Leading dressage rider Hans Peter Minderhoud has paid tribute to the shy stallion who grew into one of his top horses.

Glock’s Tango was put down this month aged 18 due to ongoing health problems.

The Dutch rider took Tango on as a three-year-old and remembers how spooky he was at his first stallion performance test.

“It was terrible,” said Hans Peter. “I wasn’t at all sure how things could work with him at tournaments. But with time he became more trusting and his quirks became a thing of the past.”

Groom Anna Visser looked after the stallion from his arrival and accompanied him to all the major shows.

“Tango and Anna were a super team,” added Hans Peter. “She loved him.”

Tango went on to compete in young horse classes and took part in his first grand prix as a 10-year-old.

“Tango was a stallion and you noticed it, but he always behaved,” said Hans Peter.

“He learned the exercises incredibly fast.

He had a lot of talent for the passage-piaffe and, above all, the passage was easy-going. Tango didn’t have the largest canter but it was very easy to teach him the canter exercises, like pirouettes and changes of leg.”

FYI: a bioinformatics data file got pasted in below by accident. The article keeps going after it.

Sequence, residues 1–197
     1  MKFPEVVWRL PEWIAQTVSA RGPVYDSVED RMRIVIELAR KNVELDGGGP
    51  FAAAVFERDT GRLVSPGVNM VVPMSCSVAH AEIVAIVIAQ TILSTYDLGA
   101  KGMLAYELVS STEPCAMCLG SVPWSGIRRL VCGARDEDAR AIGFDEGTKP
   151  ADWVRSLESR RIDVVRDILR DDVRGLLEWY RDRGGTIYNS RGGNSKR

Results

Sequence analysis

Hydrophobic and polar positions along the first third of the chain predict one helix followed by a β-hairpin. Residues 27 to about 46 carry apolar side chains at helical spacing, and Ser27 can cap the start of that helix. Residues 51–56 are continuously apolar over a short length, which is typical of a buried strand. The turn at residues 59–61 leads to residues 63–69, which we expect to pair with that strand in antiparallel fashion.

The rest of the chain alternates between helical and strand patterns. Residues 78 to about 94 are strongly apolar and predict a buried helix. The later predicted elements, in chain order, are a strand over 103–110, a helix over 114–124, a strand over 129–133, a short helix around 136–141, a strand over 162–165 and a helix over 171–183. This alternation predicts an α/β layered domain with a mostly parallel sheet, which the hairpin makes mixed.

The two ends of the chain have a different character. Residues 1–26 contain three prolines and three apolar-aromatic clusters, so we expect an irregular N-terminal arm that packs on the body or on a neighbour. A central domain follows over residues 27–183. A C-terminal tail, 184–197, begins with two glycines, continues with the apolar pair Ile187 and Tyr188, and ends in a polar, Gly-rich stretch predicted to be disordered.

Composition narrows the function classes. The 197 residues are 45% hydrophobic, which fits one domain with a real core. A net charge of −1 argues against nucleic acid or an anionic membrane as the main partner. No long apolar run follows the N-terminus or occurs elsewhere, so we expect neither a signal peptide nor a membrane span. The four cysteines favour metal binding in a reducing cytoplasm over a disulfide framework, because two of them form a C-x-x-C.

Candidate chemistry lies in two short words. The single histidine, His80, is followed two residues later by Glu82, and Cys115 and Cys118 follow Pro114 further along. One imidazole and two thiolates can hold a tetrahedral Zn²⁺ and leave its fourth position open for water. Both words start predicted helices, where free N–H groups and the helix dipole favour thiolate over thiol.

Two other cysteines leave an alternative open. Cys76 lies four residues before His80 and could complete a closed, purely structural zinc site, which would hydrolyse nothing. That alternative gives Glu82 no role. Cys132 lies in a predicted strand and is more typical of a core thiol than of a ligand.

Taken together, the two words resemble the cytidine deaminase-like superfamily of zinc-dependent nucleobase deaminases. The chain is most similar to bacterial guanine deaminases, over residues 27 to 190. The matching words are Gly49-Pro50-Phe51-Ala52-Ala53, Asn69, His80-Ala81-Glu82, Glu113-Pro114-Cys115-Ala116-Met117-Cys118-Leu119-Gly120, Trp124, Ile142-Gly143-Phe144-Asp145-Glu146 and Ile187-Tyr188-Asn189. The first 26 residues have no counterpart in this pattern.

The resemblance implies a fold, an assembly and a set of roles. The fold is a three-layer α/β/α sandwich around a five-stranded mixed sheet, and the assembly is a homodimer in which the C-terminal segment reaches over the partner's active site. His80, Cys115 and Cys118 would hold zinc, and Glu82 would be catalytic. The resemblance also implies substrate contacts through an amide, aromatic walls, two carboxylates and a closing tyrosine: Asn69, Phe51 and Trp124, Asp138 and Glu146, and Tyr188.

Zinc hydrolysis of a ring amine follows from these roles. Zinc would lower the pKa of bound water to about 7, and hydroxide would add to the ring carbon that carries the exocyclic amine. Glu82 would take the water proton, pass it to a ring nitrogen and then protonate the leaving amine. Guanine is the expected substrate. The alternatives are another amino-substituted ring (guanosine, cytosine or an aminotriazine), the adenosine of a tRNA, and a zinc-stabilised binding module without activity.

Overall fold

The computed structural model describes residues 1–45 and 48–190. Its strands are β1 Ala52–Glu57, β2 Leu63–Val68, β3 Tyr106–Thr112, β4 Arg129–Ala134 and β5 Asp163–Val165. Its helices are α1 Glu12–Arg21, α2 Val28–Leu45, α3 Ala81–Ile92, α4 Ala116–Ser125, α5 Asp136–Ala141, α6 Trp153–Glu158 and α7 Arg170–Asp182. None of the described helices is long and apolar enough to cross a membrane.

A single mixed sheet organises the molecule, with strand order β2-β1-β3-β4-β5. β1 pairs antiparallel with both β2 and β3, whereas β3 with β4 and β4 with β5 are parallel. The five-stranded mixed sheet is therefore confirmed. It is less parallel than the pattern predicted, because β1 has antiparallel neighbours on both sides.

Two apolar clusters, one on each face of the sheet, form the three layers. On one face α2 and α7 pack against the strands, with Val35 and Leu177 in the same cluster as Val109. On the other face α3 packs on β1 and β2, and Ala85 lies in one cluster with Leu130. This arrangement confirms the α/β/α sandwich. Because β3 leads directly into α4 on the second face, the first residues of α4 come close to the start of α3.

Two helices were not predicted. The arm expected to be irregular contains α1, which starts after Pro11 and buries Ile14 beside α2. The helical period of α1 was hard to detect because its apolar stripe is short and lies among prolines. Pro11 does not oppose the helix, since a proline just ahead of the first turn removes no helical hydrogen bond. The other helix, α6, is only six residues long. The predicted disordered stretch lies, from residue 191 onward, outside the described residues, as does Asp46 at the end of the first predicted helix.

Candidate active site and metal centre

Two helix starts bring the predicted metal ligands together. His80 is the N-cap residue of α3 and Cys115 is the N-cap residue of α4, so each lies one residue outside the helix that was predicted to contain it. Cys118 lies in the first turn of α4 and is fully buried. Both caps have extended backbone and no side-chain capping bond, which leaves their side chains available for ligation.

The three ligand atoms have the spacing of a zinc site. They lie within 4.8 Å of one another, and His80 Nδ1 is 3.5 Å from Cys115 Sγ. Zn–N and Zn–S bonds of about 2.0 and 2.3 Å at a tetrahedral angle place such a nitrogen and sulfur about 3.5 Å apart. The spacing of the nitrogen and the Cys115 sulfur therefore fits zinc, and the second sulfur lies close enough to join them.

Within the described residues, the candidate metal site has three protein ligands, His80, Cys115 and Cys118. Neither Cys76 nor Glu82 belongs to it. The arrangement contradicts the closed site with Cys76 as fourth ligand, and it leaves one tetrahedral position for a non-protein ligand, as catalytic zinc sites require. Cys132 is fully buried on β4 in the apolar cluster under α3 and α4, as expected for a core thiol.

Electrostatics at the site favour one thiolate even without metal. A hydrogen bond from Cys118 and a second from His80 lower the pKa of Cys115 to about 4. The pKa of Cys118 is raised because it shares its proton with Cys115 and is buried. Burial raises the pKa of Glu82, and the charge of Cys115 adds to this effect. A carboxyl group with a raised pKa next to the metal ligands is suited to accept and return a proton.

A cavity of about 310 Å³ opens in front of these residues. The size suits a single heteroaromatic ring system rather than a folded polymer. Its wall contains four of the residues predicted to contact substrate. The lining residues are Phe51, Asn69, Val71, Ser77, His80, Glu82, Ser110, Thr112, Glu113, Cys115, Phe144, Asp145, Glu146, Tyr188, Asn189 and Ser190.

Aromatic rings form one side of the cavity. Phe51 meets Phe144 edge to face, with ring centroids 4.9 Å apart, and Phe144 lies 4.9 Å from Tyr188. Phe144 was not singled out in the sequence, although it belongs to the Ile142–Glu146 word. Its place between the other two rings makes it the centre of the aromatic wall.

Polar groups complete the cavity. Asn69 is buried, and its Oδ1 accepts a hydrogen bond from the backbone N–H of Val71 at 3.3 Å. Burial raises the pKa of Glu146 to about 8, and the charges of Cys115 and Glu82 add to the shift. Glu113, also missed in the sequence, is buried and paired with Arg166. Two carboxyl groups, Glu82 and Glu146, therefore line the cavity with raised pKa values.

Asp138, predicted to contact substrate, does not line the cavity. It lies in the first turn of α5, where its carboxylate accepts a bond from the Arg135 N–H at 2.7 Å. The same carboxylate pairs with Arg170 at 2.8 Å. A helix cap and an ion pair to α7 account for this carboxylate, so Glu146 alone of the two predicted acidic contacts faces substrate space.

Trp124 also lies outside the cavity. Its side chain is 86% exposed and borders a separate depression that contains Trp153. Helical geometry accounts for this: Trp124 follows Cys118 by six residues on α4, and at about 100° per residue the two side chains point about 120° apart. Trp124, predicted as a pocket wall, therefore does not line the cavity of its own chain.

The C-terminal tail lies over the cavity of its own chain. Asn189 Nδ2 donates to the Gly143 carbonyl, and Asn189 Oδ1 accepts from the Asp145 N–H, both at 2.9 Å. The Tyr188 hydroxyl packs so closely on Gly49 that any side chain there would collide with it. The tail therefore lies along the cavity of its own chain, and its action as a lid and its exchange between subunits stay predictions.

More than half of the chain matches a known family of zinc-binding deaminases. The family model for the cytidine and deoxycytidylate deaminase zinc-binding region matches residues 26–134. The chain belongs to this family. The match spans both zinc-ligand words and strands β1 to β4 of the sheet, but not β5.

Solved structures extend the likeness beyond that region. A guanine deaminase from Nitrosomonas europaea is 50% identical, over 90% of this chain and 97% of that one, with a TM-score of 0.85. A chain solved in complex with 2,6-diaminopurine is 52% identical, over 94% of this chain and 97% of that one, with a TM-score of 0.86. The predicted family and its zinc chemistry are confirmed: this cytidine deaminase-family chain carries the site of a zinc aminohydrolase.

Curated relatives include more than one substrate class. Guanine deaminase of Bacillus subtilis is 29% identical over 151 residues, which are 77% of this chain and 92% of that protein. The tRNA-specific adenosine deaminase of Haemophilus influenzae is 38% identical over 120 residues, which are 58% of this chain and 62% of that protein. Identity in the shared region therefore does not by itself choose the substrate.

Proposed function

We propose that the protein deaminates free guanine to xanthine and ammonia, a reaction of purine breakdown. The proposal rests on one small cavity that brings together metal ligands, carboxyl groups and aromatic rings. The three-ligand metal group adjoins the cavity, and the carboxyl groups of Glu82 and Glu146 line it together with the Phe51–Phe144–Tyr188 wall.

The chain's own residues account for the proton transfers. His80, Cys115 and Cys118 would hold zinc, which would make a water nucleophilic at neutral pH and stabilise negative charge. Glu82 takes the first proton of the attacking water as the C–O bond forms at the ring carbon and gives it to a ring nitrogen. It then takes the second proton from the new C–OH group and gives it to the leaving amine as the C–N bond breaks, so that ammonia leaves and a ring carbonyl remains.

The combination took the Dutch national champion title in 2011 and won the World Cup freestyle qualifier at the Odense leg of the series the same year.

They came sixth at the final, held in s’Hertogenbosch, and also had numerous other top 10 finishes at international grands prix.

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“In terms of sport it was a bit of a shame for Tango that I also had Nadine [Eqxuis Nadine] at the same time,” said Hans Peter.

“She was the more reliable horse, so she got chosen for the big championships like the 2010 World Equestrian Games in Kentucky and the 2011 European Championships in Rotterdam. Otherwise he would certainly have gone to several championships.”

He added Tango could be naughty, but was “never dangerous or mean”.

“He was often frisky, jumping and playing around, but he was always under control,” he said.

He loved sugar above all, behaved like a gentleman with his grooms and rider, but displayed his dominance around other stallions.

“For me he was a special horse — he was my first horse when I set myself up as self-employed.

“I relocated many times and he was always there, as indeed [he was] when we moved to the Glock Horse Performance Center Netherlands.

“He was a big part of my life and my career. It is a pleasure to be able to experience how a horse can develop from a young, timid and anxious creature into a horse that’s even a little macho, like Tango was later on.

“As a youngster he was frightened by applause, but a little later he started to enjoy it. I can only say ‘thank you’ for many wonderful years and ‘farewell’. We will miss him.”

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